• How are we meant to approach Batman in the new 52? I just buy the DC universe comic every 6 weeks but there are 2 batman comics and a superman one now as well but I think they have been rebranded. I can’t really say much about Gotham as all I’ve seen is the DK trilogy that was very good. To me Batman is the only draw and Gotham is just a setting.

            • darthmaul, just like arkham asylum, gotham is more than just a setting. they both have a history that tells how they became the way they r. they’re just as important as batman, joker, gordon, etc. in the graphic novel “arkham asylum: a serious house on serious earth”, joker says that gotham is the real madhouse while arkham is the real world.

              • I like the quote! I still don’t really see it. I haven’t read many comics and that’s probably why. I don’t think that Gotham is a character but Serenity from Firefly is if that’s what they mean.

    • Well, the story of Gotham takes place before Bruce become Batman. Gotham will, I guess explore a bit on a 10 year old Bruce Wayne. Between Gotham and Constantine, I’m more looking forward on Gotham because they’ve got an interesting cast.

  3. Sounds good. He’s making it seem like a more developed thing than I had imagined. If they create an interesting dynamic between Bullock and Gordon, then it should be a watchable show. There are so many characters in the world of Gotham City that can be teased, if not shown.

  4. i definitely think they need to make the series dark & gritty. we need to see the pain & suffering of the citizens to get a better understanding of what makes gotham the cesspool of crime & corruption it really is. to make the series light takes away from the basis of the actual batman story itself. doin’ that would almost make it like the ’66 series w/ adam west. i think they should use the arkham games as a bit of inspiration for the tone & style of gotham.

  5. I’ve been trying to hold my tongue, but a show called “Gotham” without Bruce Wayne as the central character? That’s like a show called “Metropolis” with Jimmy Olsen or Perry White as the lead. Don’t give me second bananas!!! Give me a show about a young Wayne, torn apart by his desire for revenge, and the father figure Alfred, honestly trying to inspire Bruce to the greatness of his real father. Don’t get me wrong, I like Gordon, but his own series? Could you make a show called “Smallville” with Jonathon Kent as the lead instead of Clark? I’ll watch a few episodes, but if it doesn’t deliver, I won’t waste my time.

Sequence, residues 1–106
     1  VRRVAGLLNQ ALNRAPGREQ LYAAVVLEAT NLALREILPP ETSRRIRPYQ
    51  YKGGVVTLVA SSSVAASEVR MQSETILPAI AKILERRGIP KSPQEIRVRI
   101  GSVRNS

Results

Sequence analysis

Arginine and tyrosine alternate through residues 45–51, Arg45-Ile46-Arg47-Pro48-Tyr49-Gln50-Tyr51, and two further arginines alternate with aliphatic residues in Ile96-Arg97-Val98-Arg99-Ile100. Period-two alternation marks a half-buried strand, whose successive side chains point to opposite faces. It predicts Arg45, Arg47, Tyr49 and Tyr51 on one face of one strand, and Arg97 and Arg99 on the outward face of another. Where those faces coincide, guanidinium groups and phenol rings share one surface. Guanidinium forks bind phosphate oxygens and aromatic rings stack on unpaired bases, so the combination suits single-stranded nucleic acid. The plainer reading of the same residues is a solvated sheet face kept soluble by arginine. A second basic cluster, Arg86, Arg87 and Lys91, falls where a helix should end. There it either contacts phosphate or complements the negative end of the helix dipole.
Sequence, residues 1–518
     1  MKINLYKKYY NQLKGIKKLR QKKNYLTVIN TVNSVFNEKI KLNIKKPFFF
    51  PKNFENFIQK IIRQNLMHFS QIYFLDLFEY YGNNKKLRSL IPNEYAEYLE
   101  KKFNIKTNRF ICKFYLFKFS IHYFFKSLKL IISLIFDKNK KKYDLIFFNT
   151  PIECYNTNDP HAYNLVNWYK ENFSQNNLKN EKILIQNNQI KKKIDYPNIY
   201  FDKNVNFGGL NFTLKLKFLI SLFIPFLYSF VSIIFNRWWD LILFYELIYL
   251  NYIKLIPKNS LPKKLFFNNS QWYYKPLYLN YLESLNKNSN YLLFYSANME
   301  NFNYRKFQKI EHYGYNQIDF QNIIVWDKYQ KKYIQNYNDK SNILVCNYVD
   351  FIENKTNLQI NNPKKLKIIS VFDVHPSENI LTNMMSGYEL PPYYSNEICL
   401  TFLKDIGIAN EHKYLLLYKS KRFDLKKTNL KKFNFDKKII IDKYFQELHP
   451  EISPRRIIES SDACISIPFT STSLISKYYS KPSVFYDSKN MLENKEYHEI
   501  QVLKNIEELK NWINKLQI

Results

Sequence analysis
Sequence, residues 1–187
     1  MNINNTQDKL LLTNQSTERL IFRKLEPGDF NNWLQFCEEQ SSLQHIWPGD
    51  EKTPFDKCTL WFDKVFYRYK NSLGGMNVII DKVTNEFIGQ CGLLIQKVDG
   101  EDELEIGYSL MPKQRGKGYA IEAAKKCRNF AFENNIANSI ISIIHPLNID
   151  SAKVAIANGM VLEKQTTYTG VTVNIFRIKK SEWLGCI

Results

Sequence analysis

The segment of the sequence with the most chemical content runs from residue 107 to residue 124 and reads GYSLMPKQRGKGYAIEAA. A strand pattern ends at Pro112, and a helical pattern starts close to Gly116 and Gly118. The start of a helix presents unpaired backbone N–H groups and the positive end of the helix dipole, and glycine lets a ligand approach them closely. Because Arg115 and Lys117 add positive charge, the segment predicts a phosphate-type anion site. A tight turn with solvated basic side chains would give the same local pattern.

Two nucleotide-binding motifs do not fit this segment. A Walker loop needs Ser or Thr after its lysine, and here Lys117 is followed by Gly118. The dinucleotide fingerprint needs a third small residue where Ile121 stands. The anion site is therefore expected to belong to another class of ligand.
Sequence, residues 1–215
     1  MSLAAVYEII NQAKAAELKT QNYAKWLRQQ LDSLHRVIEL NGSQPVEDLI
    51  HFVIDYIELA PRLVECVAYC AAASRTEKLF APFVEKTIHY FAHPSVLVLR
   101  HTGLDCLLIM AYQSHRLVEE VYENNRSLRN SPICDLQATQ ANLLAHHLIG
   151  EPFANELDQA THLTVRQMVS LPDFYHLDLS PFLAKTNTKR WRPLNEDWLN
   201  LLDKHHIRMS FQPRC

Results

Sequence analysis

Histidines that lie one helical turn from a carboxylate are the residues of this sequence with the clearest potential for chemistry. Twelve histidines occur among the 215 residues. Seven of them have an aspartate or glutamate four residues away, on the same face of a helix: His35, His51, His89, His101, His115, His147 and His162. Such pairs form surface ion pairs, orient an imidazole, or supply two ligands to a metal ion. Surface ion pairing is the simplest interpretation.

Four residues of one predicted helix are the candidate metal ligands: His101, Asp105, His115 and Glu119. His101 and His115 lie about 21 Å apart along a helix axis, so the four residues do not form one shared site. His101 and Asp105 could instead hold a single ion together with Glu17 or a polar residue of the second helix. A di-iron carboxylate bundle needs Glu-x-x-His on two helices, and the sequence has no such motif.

6. Smallville with Johnathan Kent as lead character is not even equivalent to James Gordon in “Gotham”. Honestly, James Gordon is much bigger than Johnathan Kent. When this show is announced, I was excited to see it. Something new and fresh. James Gordon is an interesting character, he has that self-righteousness quality like Batman.
    Once reading the Batman: Earth One, I was so interested in Gordon than Bruce Wayne/Batman.

    Since this show is focusing on a young James Gordon, I want to see the struggle he has to face. Gotham before Batman was a city full of fear and lost of hope. I can see this show do so well.
    “Gotham”, I have a feeling that it’ll be mix of Almost Human element of crime drama and The Following’s dark atmosphere.

  7. Really looking forward to this show, and am loving everything I’m hearing about it so far. I’m a little bit iffy about an 11 year old Bruce though, don’t really know how they’re going to actually use him. Anyway, the idea of it being off the topic of Batman and more on Gotham itself, I find, is very intriguing. Gotham is a character in itself, and to see all the characters’ past will make up for an interesting ride if the writers end up doing it well. This show can be very awesome, I just hope they take advantage of the premise.

  8. I think this show would be better if most or all of the main charcters were villains and the plot centered around their deals and corruption and how they evade gotham police.